But for a thing called High-Definition, I might never have gotten around to watching two that had so far slipped my radar, Dead End and The Young Savages. Turns out these are like buttons and bows for being an ideal tandem bill and barometers of juve delinquency as viewed by Hollywood. To have been a Bogart completist and skipped Dead End for this many years seems odd. Was it my antipathy towards The Dead End Kids/Bowery Boys/whatever? I’d ducked them growing up for being obnoxious in that threadbare way that made The Three Stooges anathema, having condescended but to a pair they’d done with Bela Lugosi that I watched purely for him. Maybe their shtick was too urban-based, Northern-centric if you please, for a child of such outer provinces as myself. Anyway, Dead End is distinctly something else, a class drama that doubtlessly made 1937 folk feel they were seeing real life and problems along mean streets as (presumably) existed then. It’s not canned theatre in spite of stage-derived origin, for William Wyler was too capable to betray that. You get a sensation here of sharing the experience with first-nighters for whom this was a shocking blast of social reality, even as we find it quaint and altogether removed from present circumstances. If "bad" kids were no worse than Dead Enders here, we’d have ourselves a modern utopia, for hope sprang eternal in both Dead End and The Young Savages that any boy can be reached given positive influence or kind offices of a big sister (or Mom) who cares. Was the opposing reality too harsh for moviegoers to contemplate? Hollywood’s depiction of thoroughly rotten teens would wait until the fifties, but even then it was limited to isolated bad apples among bushels otherwise salvageable. Dead End kids were mostly about street patter, batting each other around, and stirring mischief we could only wish were the extent of latter-day misbehavior on the part of wayward youngsters. They beat up a rich kid who impliedly has it coming simply for being privileged, an irksome device that rearranged my sympathies and left me hopeful they’d be brought to book for it. The idea of bad neighborhoods as cradles of crime excuses bad acts on the kid’s parts, so to buy into the drama, you’ll need to share the social attitudes behind it. Best perhaps to focus on elements more ancillary at the time, such as remarkable thesping by Humphrey Bogart in one of those isolated (really) good parts he had in an otherwise barren 1930’s when most of his screen gangsters were no more nuanced than budget western heavies. The business of Bogart’s Baby Face Martin as tutor in ways of crime was frowned upon by Code supervisors, and indeed was the ball Warners ran with the following year when they essentially took the best of Dead End and turned it into Angels With Dirty Faces. Bogart was here a variation on his previous year breakout of The Petrified Forest with further embellishment on sympathetic outlawry, which remained his stock-in (better roles) trade right through High Sierra. That one was long awaited reward and transition to (more or less) a right side of the law. Did producers spend those five or so initial Warner contract years thinking he could play nothing but bad men? Obviously so, as internal memos reveal efforts to widen Bogart’s range and disappointment over his seeming inability to manage same.
I’d characterize Universal chapter-plays as indifferent. Also repetitive (grindingly so), unimaginative, and given to dulsatory special fx. Junior G-Men are constantly in and out of the same abandoned warehouse and hopping rides on back of (again the same) truck effecting escapes from endlessly duplicated scenes of perfunctory crime. Serial loyalty entailed sacrifice when they were Universal ones. Our Liberty and Allen Theatres had a product split and cliffhanger spoils were divided so that all Republic output went the former’s way, leaving a depreciated Allen the scraps of Universal, Columbia, and whatever independents were issuing (or reissuing). Junior G-Men Of The Air at the Allen went head-to-head on our Main Street against the likes of Spy Smasher and Perils Of Nyoka offered by the Liberty. I should think the victor would have been a foregone conclusion, but who really knows how preferences ran among serial fans in 1942? Immediacy and thus greater tension were advantages a Junior G-Men Of The Air had with a war just underway. Atwill and minions are in fact preparing throughout its twelve chapters for an invasion they’ll launch December 7, a plot device sufficiently compelling as to mitigate sloppy execution otherwise. The wing pin made of etched brass shown here was exhibition’s giveaway and an invitation for kids too young for enlistment to engage the enemy weekly and feel themselves part of a struggle unfolding on the greater world stage. That alone lent urgency to Junior G-Men Of The Air we’ll not know for missing 1942’s initial run, making it seem almost churlish to point up weaknesses so many years after. Maybe Universal understood the ephemeral nature of its serials too well by 1956 when it sold outright all those chapter-plays not reverting to comic publishers (such as Jungle Jim and Flash Gordon). Revenue realized after federal taxes at the long-term capital gain rate was just over a million, boosting reported studio earnings that helped disguise profits diminished from 1955. Universal serials had played television from the early fifties and were figured to have little if any value beyond that. Most fell into the public domain and became available on duped 16 and 8mm when Thunderbird Films began releasing them to collectors in the early seventies. VCI maintains said policy with DVD’s mastered from hardy 16mm survivors of early syndication days, and its release of Junior G-Men Of The Air is actually pretty good for a serial we’re never likely to see truly restored.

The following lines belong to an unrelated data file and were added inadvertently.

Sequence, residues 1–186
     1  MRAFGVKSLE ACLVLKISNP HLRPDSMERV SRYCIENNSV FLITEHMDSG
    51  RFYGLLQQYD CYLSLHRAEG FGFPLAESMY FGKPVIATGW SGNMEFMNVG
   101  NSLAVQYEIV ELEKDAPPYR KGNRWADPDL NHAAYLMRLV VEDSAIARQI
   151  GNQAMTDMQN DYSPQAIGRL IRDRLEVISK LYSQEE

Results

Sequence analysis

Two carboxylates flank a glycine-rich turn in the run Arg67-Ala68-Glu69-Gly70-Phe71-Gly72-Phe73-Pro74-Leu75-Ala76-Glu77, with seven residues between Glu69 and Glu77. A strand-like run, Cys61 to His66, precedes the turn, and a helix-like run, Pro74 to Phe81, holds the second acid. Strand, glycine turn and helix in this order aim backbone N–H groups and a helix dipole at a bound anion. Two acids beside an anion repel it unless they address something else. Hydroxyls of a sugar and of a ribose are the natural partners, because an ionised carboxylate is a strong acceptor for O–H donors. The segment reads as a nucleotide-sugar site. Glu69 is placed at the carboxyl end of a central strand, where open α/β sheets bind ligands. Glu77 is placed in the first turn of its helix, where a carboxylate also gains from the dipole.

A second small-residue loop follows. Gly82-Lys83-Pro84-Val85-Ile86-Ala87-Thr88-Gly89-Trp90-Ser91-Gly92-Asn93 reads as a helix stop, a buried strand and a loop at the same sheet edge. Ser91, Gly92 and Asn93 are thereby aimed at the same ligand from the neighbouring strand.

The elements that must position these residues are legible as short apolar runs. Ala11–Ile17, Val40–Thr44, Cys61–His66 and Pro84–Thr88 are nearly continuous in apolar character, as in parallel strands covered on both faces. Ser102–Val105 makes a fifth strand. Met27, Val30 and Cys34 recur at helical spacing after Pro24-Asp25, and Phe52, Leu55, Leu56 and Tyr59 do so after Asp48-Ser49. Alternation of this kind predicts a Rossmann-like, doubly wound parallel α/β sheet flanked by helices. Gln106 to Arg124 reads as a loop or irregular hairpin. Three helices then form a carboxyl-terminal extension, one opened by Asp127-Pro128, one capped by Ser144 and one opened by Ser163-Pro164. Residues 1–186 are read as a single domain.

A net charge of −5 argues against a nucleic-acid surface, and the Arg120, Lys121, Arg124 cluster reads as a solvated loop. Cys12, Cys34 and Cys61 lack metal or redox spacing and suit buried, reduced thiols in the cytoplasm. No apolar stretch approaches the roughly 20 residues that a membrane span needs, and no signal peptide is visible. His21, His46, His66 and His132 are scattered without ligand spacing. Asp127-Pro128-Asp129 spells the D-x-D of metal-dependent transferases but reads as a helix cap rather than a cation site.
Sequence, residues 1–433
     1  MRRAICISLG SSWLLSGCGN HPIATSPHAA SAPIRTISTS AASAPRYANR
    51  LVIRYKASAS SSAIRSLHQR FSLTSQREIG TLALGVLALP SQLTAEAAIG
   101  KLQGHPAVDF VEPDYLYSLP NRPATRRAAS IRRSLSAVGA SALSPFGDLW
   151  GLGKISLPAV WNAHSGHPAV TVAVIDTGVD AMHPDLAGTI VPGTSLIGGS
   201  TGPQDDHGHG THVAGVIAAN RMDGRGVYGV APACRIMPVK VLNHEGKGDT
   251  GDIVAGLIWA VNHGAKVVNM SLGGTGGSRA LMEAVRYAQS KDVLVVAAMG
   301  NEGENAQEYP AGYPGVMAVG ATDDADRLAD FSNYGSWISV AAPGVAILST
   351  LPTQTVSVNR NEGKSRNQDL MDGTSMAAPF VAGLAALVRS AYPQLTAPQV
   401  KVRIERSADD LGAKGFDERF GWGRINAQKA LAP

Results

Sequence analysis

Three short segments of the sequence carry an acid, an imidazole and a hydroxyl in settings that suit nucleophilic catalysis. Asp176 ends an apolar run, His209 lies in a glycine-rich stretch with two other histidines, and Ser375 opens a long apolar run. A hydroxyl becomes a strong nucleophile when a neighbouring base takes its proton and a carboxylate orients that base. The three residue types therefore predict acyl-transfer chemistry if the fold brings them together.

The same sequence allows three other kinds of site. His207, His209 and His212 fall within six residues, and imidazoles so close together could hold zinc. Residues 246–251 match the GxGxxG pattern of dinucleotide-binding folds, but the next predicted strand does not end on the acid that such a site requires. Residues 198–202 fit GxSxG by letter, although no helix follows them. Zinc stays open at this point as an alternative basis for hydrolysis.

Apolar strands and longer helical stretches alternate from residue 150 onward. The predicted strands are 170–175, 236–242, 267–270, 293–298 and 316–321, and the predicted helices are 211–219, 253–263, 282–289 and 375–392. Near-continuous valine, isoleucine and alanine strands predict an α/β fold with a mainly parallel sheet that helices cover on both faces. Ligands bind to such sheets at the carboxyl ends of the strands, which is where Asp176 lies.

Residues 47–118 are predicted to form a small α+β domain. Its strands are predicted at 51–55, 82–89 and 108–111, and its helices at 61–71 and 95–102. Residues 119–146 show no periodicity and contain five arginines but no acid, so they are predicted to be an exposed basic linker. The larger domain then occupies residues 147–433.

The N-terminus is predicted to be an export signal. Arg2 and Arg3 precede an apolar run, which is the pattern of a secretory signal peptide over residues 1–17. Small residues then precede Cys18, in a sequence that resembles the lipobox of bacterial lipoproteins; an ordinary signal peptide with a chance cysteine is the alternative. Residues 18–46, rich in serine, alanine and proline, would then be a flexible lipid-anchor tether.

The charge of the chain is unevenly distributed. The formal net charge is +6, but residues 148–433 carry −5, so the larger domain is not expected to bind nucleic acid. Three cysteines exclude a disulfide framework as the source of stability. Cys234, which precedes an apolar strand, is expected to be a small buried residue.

Internal friction and rivalries among Dead Enders could fill volumes if not provide content for its own series of melodramatic programmers. These boys did not pal around. Many (most?) graduated from Bowery mirth-making to plain mean drunkenness as careers skidded toward bits and forced retirement. They were funny/goofy/geeky in appearance and stayed pretty much that way to the last, coarsened by ravages of intemperance but otherwise unchanged and forever resistant to what life’s lessons taught others. Billy Halop admitted to lack of esprit de corps among Dead End membership, citing his own better billing and money as basis for smoldering on-set jealousies. Respective agents hustled favored positioning for individual boys much as stage mothers sought dominant turf for Our Gangers over at Roach and MGM. Dead End reunions would likely have ended in as many bar fights, old resentments being a match struck often in latter memoirs and interviews. Leo Gorcey and Huntz Hall ended up driving their Bowery jalopy the furthest. Monogram and successor Allied Artists ran its series to an astounding 1958, long after most "B" groups went off the chart. A man could go proud producing these. Ben Schwalb kicked around town thirty years before securing a Bowery berth, as sure a lock on steady income as an uncertain industry allowed. Schwalb called it a peculiar chemistry. I guess it’s that the public likes the boys and that the format has been continually changed so that the series is kept interesting and different. Schwalb and AA’s chemistry was indeed applied science, all exploitation angles … deliberate and planned, he said, not accidental. By the fifties, four Bowerys per year came surely as changing seasons even as Schwalb’s notion of comedy constructs remained unaltered: It seems like the physical things, like a man bumping a nose on a door, is the best yock getter. Ben preferred what he called hurt gags. So did the Bowery Boy’s public. They kept running beyond the series’ finish as small theatres continued booking oldies into the sixties. Dead End influence permeated even mainstream and presumed serious treatments of juvenile crime. 1961’s The Young Savages took cues from neighboring smash West Side Story, but prevailing examples for its street toughs were more Slip and Sach than authentic delinquents filling 60’s police blotters. D.A. Burt Lancaster’s suspect list amounts to vaudeville turns by varied ethnic youth parading eccentric if not comic "personalities" no different from ones that originated with Dead End’s cast back in 1937. In fact, the latter come off as more authentic than Method exertions of The Young Savages, whatever its ambitions toward hard-hitting realism. Veterans Leo Gorcey and Huntz Hall were meanwhile game for an encore, but who’d have dreamed they’d turn up in a cornpone slopshoe like Second Fiddle To A Steel Guitar? This 1966 compilation of hillbilly music acts was manna to drive-inners here in Greenbriar country (and invariably the supporting feature would be something like Red River or Horror Of Dracula!). I’d venture Second Fiddle got more North Carolina dates than Doctor Zhivago. Leo and Huntz act as in-betweeners for solid performing talent, first as inept paperhangers (well, it was good enough for Bobby Ray and Babe Hardy back in the twenties), then back and forth/in and out of a mummy case, these routines seemingly improvised on the go by Gorcey and Hall. Attendees to Second Fiddle To A Steel Guitar probably wished the boys would get back to full-time foolery. Indeed, but for encroachments of age and market realities, The Bowery Boys might just have gone on forever.